Greg Bonnell: Markets have been increasingly pricing in a soft-landing scenario for the economy. But our guest today says that still means there’s going to be a landing of some sort, and investors may be too optimistic about the prospects for growth. Joining us now to discuss, Emin Baghramyan, lead of quantitative portfolio management at TD Asset Management. Great to see you again. Great to have you back on the show.
Emin Baghramyan: Thanks, Greg. Thanks for having me.
Greg Bonnell: All right. So if our theory is, that we’re going to put to the test here in our conversation, that perhaps investors are a little too optimistic about the prospects for economic growth for a soft landing, what are we looking at to give us that sense?
Emin Baghramyan: Well, amidst the current optimistic outlook regarding global economy, we at the TD Asset Management’s Quant team take a bit more measured perspective on the global economic growth. While it is true that economic conditions – they prove to be more resilient than many believe, especially considering the amount of monetary tightening we have seen over the past few years.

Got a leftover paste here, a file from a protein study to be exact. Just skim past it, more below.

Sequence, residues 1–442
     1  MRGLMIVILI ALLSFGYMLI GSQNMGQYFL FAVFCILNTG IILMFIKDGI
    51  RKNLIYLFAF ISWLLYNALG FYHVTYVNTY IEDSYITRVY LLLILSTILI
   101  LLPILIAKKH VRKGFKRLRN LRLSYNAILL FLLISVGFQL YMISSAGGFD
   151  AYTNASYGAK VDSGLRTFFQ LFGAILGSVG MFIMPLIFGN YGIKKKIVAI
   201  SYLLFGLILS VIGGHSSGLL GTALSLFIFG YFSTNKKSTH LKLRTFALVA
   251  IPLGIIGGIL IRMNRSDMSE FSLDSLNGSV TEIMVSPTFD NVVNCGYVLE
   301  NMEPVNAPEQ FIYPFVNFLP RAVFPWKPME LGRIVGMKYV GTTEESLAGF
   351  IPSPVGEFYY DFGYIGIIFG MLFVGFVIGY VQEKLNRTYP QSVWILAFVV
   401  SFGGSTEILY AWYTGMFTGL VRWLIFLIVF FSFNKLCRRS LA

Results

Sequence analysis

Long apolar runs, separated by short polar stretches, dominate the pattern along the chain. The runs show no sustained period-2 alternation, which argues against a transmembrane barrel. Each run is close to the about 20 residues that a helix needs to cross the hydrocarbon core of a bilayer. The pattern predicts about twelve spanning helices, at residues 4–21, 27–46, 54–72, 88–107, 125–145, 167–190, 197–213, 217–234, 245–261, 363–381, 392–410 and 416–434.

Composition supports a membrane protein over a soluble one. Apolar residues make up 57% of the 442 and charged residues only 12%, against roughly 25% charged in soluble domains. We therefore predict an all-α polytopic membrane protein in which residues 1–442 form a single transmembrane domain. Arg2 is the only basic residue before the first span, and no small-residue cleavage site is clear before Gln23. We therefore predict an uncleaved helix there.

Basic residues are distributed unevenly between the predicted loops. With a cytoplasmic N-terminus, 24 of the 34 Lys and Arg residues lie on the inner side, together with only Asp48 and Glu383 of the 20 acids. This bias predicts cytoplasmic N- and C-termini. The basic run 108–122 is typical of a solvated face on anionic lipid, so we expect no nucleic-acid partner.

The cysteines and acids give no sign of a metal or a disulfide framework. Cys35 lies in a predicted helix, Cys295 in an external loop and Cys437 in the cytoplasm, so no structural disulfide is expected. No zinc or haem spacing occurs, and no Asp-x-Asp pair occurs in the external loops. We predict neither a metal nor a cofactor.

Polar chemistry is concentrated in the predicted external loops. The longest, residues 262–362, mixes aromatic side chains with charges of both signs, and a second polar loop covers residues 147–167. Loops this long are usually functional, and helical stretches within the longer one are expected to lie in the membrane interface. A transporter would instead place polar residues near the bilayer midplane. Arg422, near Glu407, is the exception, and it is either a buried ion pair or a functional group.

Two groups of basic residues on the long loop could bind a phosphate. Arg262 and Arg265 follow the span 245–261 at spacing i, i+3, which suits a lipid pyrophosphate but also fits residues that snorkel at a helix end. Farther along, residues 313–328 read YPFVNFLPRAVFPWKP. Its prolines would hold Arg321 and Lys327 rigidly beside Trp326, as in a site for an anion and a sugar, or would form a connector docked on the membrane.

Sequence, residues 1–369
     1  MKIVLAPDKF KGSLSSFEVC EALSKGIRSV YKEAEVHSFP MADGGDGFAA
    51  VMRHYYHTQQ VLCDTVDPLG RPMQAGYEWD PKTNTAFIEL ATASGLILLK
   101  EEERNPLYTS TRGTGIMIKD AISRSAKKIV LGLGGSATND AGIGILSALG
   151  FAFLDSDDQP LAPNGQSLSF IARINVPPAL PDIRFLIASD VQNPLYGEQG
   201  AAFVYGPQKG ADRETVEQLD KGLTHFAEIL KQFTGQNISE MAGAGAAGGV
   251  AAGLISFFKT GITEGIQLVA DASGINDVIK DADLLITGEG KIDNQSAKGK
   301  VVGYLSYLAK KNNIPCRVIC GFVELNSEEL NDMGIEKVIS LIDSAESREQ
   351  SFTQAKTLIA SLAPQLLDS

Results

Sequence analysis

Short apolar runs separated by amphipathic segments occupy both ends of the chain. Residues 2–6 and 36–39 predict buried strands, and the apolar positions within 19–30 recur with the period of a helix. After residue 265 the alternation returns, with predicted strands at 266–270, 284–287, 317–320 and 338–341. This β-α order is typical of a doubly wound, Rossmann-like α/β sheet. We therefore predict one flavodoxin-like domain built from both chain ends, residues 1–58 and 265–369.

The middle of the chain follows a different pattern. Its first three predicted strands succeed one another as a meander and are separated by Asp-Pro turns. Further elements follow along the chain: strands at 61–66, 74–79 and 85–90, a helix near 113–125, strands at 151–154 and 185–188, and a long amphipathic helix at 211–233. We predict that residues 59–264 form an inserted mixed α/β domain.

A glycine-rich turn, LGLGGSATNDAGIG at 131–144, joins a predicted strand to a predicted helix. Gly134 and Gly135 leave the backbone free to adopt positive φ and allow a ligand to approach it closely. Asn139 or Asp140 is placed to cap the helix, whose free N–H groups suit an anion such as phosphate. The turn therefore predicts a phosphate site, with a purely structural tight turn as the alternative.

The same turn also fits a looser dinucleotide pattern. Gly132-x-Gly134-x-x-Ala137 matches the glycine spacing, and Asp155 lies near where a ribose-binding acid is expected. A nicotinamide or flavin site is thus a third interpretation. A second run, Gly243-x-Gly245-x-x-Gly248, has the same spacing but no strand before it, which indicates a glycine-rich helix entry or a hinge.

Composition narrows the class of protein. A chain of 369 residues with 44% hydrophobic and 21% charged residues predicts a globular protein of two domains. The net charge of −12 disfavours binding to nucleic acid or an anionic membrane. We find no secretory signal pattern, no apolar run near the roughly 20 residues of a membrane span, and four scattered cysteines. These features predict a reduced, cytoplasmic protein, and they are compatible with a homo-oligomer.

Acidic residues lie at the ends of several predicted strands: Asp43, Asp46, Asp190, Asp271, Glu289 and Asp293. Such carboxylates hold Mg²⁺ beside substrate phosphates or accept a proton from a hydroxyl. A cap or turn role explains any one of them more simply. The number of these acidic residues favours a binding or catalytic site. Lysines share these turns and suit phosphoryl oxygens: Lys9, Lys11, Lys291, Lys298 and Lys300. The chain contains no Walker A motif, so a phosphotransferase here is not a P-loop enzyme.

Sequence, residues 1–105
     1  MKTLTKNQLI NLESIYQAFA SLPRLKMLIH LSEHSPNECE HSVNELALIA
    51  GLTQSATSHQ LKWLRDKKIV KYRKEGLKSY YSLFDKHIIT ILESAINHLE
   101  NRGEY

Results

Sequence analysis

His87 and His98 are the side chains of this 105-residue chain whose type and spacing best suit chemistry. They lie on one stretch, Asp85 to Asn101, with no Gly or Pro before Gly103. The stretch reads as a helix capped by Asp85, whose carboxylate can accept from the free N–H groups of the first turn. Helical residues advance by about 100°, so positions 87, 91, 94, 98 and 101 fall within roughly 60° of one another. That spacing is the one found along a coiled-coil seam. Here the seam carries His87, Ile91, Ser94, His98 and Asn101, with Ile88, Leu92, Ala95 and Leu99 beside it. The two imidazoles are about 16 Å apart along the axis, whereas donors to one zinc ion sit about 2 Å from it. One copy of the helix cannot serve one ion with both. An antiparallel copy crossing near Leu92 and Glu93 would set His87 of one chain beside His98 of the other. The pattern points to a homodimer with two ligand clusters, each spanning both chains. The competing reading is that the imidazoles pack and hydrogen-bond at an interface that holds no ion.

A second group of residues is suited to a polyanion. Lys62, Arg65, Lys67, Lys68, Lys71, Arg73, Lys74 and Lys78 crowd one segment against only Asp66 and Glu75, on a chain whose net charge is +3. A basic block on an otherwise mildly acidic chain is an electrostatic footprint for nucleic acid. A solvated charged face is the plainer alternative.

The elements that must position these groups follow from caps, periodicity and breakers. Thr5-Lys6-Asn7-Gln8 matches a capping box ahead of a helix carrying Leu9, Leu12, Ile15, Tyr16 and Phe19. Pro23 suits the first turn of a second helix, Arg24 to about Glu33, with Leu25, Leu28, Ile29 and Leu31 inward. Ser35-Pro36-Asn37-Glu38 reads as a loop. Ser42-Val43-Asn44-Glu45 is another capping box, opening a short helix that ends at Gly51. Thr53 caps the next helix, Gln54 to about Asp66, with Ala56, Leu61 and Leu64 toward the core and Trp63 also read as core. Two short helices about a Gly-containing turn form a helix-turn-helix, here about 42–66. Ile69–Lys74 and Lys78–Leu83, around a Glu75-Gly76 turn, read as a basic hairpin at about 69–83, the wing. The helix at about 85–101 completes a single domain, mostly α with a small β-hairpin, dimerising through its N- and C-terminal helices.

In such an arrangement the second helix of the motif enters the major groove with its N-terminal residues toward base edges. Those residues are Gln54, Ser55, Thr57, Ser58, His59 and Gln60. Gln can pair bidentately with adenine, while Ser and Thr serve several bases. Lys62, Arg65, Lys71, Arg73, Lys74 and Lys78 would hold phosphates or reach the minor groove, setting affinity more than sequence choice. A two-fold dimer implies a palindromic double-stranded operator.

However, we’re seeing that there are a few emerging signs that people need to consider when they’re making judgments about global economic growth going forward. The first sign is that while, indeed, the interest rate sensitivity of the economy has been greatly reduced – and that’s because over the past decade, people, companies, state and local governments took the advantage of a very low interest rate that we have seen over the past decade and locked in into these low, long-term interest rates.
However, there’s not really much of an evidence that there is no sensitivity at all. And we think that the brunt of the negative impacts of the monetary tightening is yet to come. So there’s some time lag. The lags have a bit increased. But the negative impacts of the monetary tightening, we think, is going to come.
And we look at the sources of economic growth. Recently, we can clearly see that manufacturing is in recession. If you look at all the manufacturing PMIs from US, to Canada, to Japan, to China, to Europe, they are in deeply contractionary territory. And the main source of the economic growth has been consumer spending on services.
And we think that the service sector has been benefiting still from the lagged impacts of this reopening that we saw post-pandemic because when we think about this, governments have greatly underwritten the consumer incomes during the pandemic. Unemployment rate didn’t shut up. People’s incomes were not hurt.